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Development of a multisystem point of care ultrasound skills assessment checklist



Many institutions are training clinicians in point-of-care ultrasound (POCUS), but few POCUS skills checklists have been developed and validated. We developed a consensus-based multispecialty POCUS skills checklist with anchoring references for basic cardiac, lung, abdominal, and vascular ultrasound, and peripheral intravenous line (PIV) insertion.


A POCUS expert panel of 14 physicians specializing in emergency, critical care, and internal/hospital medicine participated in a modified-Delphi approach to develop a basic POCUS skills checklist by group consensus. Three rounds of voting were conducted, and consensus was defined by ≥ 80% agreement. Items achieving < 80% consensus were discussed and considered for up to two additional rounds of voting.


Thirteen POCUS experts (93%) completed all three rounds of voting. Cardiac, lung, abdominal, and vascular ultrasound checklists included probe location and control, basic machine setup, image quality and optimization, and identification of anatomical structures. PIV insertion included additional items for needle tip tracking. During the first round of voting, 136 (82%) items achieved consensus, and after revision and revoting, an additional 21 items achieved consensus. A total of 153 (92%) items were included in the final checklist.


We have developed a consensus-based, multispecialty POCUS checklist to evaluate skills in image acquisition and anatomy identification for basic cardiac, lung, abdominal, and vascular ultrasound, and PIV insertion.


Point-of-care ultrasound (POCUS) training is required for a growing list of specialties, including emergency medicine, critical care, and anesthesiology [1]. Physicians in-practice have been obtaining training through local and national continuing medical education courses that provide hands-on training and have been shown to be effective [2, 3].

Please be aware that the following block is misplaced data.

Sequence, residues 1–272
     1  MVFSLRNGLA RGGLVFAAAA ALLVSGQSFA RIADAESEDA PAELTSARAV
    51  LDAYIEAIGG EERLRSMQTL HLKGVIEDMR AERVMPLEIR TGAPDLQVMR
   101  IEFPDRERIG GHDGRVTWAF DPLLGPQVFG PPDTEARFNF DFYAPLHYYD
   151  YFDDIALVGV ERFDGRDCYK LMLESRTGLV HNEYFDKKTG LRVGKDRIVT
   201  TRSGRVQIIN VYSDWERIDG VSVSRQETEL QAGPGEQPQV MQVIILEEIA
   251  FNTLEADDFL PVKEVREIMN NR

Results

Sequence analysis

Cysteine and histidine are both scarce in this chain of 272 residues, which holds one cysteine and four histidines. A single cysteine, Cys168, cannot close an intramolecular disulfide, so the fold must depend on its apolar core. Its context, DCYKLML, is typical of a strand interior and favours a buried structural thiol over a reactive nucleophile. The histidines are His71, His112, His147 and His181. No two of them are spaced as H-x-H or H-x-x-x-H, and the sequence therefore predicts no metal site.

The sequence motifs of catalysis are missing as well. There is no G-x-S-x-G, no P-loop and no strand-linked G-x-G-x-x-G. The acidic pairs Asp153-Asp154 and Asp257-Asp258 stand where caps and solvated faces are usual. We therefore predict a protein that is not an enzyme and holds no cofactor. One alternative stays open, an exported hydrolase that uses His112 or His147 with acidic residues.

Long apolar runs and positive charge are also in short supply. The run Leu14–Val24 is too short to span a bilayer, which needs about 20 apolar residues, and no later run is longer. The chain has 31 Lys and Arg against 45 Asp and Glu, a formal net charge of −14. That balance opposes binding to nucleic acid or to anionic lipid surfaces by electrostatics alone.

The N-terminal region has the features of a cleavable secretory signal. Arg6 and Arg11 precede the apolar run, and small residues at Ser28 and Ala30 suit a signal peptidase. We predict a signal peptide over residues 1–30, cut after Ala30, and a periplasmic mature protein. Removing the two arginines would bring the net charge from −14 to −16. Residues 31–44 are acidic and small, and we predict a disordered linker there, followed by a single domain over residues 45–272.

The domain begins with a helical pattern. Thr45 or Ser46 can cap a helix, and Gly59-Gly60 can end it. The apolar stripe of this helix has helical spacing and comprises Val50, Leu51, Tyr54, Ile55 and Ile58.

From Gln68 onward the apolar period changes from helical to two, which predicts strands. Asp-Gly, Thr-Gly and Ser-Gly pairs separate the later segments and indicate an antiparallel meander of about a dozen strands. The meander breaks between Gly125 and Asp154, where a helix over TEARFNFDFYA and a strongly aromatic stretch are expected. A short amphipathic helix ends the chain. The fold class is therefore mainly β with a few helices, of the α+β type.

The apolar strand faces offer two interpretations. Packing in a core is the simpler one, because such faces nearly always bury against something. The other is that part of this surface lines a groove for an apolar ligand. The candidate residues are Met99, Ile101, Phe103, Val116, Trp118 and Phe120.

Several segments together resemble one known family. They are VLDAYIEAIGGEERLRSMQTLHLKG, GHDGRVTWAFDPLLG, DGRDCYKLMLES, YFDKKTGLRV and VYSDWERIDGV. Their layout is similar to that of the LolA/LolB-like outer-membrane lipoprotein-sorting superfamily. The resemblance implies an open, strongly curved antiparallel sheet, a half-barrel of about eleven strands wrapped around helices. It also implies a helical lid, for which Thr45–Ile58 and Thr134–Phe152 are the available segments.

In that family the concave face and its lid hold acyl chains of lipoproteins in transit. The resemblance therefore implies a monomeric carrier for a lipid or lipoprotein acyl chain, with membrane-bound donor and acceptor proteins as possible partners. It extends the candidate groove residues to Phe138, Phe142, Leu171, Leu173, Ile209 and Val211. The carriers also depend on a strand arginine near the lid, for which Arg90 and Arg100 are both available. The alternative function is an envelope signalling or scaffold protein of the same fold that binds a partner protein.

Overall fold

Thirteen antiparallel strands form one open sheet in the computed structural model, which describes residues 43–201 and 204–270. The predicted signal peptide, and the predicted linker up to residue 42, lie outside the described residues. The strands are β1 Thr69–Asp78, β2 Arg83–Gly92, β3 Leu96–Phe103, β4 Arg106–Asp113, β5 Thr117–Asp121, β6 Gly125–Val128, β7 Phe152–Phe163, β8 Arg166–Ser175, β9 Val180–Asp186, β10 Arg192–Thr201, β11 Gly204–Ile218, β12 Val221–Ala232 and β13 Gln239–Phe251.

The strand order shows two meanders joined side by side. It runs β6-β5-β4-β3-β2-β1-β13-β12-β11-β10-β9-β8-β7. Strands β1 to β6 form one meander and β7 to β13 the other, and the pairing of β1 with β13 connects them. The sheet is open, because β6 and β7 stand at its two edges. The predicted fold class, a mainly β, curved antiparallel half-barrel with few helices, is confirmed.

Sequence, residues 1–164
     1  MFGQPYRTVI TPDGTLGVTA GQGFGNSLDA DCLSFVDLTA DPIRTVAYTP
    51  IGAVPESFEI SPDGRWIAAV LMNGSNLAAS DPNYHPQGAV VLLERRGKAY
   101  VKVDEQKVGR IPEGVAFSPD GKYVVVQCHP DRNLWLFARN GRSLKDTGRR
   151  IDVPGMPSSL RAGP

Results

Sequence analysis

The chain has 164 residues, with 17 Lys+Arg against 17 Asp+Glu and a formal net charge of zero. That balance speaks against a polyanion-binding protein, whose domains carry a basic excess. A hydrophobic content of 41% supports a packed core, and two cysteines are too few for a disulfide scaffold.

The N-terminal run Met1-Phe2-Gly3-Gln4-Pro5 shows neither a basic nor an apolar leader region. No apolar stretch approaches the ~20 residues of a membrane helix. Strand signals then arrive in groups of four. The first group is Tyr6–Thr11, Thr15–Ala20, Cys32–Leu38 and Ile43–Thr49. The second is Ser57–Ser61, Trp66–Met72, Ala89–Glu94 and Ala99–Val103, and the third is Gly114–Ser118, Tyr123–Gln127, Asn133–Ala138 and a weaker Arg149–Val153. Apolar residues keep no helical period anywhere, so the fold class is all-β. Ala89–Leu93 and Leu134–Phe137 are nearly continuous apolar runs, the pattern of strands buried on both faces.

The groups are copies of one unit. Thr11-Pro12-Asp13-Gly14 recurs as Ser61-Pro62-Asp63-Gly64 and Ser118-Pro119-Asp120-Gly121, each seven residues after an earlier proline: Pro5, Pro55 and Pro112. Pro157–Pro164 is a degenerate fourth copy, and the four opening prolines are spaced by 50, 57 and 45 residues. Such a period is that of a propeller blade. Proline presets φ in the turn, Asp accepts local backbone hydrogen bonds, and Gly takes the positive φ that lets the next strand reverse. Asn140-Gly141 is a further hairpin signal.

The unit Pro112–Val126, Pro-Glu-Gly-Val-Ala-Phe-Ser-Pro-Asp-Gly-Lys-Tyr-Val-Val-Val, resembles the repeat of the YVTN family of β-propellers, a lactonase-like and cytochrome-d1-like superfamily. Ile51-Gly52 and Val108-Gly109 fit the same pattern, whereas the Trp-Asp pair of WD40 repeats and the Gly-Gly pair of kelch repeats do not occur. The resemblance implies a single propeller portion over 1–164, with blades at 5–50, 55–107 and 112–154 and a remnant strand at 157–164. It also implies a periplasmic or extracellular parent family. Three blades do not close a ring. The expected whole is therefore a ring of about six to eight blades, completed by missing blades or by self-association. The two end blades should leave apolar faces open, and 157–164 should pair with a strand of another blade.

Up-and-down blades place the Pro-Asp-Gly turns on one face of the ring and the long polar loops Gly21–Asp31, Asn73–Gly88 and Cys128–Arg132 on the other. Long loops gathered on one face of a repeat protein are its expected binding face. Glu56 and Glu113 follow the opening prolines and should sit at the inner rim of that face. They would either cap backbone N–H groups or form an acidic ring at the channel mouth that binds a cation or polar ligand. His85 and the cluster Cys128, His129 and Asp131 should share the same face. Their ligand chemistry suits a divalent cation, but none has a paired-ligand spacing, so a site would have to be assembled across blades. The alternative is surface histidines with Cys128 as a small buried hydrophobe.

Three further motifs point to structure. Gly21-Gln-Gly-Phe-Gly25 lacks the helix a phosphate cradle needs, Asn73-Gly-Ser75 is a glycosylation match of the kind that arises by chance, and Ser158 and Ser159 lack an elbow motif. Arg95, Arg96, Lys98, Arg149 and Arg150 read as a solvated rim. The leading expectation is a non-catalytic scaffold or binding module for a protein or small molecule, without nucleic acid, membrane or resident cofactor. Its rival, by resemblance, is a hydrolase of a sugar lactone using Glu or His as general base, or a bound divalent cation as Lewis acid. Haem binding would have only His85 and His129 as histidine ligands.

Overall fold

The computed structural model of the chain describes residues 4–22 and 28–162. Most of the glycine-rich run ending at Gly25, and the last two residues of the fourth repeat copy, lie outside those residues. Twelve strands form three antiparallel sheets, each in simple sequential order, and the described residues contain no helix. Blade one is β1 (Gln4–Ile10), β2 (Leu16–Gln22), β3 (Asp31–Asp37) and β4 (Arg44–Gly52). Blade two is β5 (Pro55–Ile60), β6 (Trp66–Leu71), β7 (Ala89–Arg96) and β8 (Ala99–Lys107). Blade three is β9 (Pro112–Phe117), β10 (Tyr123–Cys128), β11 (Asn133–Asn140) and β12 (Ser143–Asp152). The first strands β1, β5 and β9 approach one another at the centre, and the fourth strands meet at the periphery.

Despite an increase in POCUS training, a critical gap remains in the ability to determine a physician’s competency in POCUS use due to variability in training standards and definitions of competency [4]. Several checklists and global rating scales have been published to evaluate POCUS skills [5,6,7,8,9,10,11,12,13,14]. Most published checklists are limited to a single organ system or specialty, and no multispecialty, multisystem checklists for evaluation of common POCUS applications of the lungs, heart, abdomen, and lower extremity veins have been published. Hospitals and healthcare systems are seeking validated multisystem POCUS checklists that can be applied across specialties to certify physician skills and maintain standards for POCUS use.

We describe the development of a multispecialty, multisystem POCUS skills checklist based on group consensus of national POCUS faculty from distinct institutions as the initial step toward creating a validated checklist.


We conducted a prospective observational study using consensus-based methods in two phases. The University of Pittsburgh Institutional Review Board approved this project (IRB # PRO18050302).

The initial POCUS skills checklist was developed by group consensus of POCUS experts from emergency medicine, critical care medicine, and hospital medicine during an in-person 3-day meeting dedicated toward developing a national POCUS training course for physicians practicing in the Department of Veterans Affairs (VA). Three diagnostic (heart, lungs, and abdomen) and one procedural application [peripheral intravenous line (PIV) insertion] were included in the checklist based on current evidence and applicability to multiple specialties. We piloted the initial checklist to evaluate novice learners from 2017 to 2019. Based on faculty feedback, the initial checklist was revised to include one additional diagnostic application (lower extremity deep venous thrombosis).

To gather formal consensus, an expert panel of 14 national POCUS faculty from emergency, critical care, and hospital medicine was convened which included the experts that developed the initial POCUS skills checklist. Experts were defined as individuals who regularly used POCUS in clinical practice; taught POCUS courses locally or nationally; and either had completed a dedicated POCUS fellowship, had a national professional society leadership role in POCUS, or had previously published on POCUS topics. All experts were required to disclose any conflicts of interest.